Getting the Word Out About Prostate Cancer

Chatham County Health Department to Hold Educational Sessions

Gone are the days when cancer was a taboo subject talked about behind closed doors in hushed tones. Today, thanks to awareness campaigns, more and more people are finding out about different cancers and how they can be prevented, detected, and treated. Certain kinds of cancers are still hard for some people to discuss.

Case and point: Prostate cancer.

According to the Centers for Disease Control, prostate cancer is the most common cancer (after skin cancer) affecting men in the United States. In fact, one in six men will be diagnosed with prostate cancer in his lifetime.

Talking openly about a cancer that can affect part of a man’s reproductive system is not easy. The Chatham County Health Department wants to change that by getting the word out about prostate cancer.

“September is Prostate Cancer Awareness Month and we want residents in the Coastal Health District, including Chatham County, to start talking about this disease to promote awareness of it,” said Coastal Health District Health Promotion and Disease Prevention Director, Cristina Gibson. “The more people talk about it the better the chances that more men will get tested.”

The Chatham County Health Department will hold two prostate cancer “lunch and learn” sessions on Tuesday, October 7. Sessions will be held from 11:30 a.m. to 12:30 p.m. and from 12:30 p.m. to 1:30 p.m. Information on prostate cancer will be presented and a light lunch will be served. The sessions are free and open to the public. The Chatham County Health Department is located at 1395 Eisenhower Drive.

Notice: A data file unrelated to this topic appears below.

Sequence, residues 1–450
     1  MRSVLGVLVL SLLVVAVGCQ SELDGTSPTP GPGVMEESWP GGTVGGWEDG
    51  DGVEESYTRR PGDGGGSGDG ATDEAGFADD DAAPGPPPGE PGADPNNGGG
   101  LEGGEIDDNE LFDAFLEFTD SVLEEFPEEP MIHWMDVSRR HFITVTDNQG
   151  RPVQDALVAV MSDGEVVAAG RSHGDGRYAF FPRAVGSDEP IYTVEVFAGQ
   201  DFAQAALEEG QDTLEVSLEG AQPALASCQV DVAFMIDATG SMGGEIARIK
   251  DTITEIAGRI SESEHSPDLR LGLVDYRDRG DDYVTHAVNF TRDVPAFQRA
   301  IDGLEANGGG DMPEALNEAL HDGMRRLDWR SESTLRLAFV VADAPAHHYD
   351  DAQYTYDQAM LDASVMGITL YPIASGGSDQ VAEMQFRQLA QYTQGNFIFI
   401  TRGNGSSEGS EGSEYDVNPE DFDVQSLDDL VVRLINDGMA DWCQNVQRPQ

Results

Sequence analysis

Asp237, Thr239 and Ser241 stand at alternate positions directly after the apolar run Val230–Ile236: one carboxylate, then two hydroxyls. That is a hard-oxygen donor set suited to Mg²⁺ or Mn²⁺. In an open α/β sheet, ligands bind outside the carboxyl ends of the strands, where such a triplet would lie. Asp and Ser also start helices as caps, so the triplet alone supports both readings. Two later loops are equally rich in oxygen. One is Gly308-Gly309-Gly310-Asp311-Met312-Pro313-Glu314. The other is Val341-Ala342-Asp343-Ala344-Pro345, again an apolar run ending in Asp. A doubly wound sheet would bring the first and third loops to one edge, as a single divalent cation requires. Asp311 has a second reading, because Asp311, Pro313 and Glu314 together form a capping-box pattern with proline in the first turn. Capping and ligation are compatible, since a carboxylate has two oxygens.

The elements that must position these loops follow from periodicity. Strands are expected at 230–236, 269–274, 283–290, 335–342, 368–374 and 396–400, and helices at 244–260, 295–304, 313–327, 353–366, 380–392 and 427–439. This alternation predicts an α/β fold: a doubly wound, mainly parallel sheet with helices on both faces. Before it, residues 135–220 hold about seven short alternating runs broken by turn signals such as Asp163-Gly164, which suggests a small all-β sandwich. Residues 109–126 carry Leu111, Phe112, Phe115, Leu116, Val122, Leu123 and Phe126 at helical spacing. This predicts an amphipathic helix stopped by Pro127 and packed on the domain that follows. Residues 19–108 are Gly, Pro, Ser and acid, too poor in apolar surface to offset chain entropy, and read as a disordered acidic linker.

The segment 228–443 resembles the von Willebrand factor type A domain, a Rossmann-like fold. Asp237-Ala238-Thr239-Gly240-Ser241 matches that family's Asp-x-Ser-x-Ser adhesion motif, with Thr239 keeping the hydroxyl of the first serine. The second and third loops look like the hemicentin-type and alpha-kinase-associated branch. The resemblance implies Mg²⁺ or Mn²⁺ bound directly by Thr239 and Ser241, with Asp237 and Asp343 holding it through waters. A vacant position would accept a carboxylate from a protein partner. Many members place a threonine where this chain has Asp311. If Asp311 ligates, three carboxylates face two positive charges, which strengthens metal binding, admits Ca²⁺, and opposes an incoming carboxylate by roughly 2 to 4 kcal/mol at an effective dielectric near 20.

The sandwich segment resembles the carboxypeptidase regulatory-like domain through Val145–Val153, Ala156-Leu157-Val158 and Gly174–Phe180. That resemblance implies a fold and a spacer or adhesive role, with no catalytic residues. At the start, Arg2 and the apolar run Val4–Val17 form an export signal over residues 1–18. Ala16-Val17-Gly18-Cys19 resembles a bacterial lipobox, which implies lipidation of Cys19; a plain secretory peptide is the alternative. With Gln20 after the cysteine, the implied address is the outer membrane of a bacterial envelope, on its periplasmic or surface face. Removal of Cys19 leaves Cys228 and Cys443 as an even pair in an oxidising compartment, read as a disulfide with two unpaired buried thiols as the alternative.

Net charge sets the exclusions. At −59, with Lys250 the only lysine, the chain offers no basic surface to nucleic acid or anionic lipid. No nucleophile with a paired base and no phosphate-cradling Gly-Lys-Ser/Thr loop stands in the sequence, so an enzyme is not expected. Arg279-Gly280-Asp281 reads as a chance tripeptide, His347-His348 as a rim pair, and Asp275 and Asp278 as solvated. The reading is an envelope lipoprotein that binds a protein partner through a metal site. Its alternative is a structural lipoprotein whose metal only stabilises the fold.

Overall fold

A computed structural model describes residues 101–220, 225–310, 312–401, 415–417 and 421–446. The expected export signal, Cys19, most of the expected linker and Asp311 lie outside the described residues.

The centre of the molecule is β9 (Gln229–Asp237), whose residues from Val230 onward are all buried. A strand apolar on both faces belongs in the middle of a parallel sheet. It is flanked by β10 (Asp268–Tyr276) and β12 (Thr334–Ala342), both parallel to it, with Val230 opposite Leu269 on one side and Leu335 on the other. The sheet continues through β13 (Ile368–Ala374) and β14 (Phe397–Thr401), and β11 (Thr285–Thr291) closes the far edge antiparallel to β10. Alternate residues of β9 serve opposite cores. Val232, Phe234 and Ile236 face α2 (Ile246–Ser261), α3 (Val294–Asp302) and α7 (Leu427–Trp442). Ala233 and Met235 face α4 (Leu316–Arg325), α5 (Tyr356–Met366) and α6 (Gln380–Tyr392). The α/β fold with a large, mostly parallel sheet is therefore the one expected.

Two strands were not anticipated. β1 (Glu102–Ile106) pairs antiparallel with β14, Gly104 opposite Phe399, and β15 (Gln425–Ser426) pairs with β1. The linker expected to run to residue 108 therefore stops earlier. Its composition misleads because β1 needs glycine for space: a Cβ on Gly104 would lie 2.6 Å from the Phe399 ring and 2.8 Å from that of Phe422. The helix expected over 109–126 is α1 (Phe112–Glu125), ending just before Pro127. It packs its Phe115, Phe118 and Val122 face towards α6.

Although the cause of prostate cancer is not known, there are some groups of men that are at higher risk for the disease including men 65 and older, men with a family history of the disease, and African-American men. The American Cancer Society (ACS) recommends that all men over age 50 get screened annually. However, the ACS also recommends that men at high-risk for the disease (African-American men and men with one or more firstdegree relatives diagnosed before age 65) should begin testing at age 45. Men at even higher risk, due to multiple first-degree relatives affected at an early age, should begin testing at age 40.

There are two ways to screen for prostate cancer. The first method is the digital rectal exam (DRE). The DRE is a quick way for the doctor to check the prostate for any abnormalities. The second method is the prostate-specific antigen (PSA) test. The PSA test involves drawing blood and testing the PSA levels.

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